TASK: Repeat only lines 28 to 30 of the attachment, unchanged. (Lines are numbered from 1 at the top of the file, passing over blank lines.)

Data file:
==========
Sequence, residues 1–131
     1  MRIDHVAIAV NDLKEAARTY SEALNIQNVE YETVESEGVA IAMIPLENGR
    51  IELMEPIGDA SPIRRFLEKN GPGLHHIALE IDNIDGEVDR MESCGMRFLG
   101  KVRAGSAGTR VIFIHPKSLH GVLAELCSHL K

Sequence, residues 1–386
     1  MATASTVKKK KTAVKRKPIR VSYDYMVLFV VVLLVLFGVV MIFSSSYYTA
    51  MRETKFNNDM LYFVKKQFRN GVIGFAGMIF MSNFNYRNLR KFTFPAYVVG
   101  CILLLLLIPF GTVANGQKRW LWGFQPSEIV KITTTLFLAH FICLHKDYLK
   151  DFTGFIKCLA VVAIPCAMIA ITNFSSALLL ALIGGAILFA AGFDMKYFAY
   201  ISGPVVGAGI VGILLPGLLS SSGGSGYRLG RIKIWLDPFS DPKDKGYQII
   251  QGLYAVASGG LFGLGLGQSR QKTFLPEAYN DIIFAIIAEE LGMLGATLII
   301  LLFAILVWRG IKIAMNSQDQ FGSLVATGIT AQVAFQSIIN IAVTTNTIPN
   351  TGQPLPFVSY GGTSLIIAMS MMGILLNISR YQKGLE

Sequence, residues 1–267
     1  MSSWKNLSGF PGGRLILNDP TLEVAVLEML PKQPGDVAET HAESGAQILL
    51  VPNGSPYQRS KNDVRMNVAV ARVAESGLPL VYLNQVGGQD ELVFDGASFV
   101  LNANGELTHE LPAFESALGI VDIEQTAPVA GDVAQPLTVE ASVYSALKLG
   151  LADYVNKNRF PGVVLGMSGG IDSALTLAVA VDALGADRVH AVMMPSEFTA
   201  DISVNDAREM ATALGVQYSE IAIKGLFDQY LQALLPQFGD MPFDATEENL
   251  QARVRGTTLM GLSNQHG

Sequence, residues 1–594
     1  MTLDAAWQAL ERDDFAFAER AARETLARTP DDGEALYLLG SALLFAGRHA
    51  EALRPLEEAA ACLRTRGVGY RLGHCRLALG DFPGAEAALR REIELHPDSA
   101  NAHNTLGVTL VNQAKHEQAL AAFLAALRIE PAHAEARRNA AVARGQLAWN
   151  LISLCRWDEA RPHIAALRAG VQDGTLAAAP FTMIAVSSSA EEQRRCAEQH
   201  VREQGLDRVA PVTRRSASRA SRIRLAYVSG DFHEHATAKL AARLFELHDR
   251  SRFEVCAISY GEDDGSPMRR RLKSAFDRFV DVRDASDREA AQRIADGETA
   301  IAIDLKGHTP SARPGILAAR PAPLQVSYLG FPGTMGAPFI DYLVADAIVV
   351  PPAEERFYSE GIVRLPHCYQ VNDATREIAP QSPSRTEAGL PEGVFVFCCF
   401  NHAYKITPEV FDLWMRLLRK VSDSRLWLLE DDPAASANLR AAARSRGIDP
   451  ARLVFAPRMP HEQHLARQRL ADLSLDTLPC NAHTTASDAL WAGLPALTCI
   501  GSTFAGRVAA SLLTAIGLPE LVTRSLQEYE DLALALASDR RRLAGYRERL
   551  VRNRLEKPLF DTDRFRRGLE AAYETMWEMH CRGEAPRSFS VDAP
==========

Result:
   301  IAIDLKGHTP SARPGILAAR PAPLQVSYLG FPGTMGAPFI DYLVADAIVV
   351  PPAEERFYSE GIVRLPHCYQ VNDATREIAP QSPSRTEAGL PEGVFVFCCF
   401  NHAYKITPEV FDLWMRLLRK VSDSRLWLLE DDPAASANLR AAARSRGIDP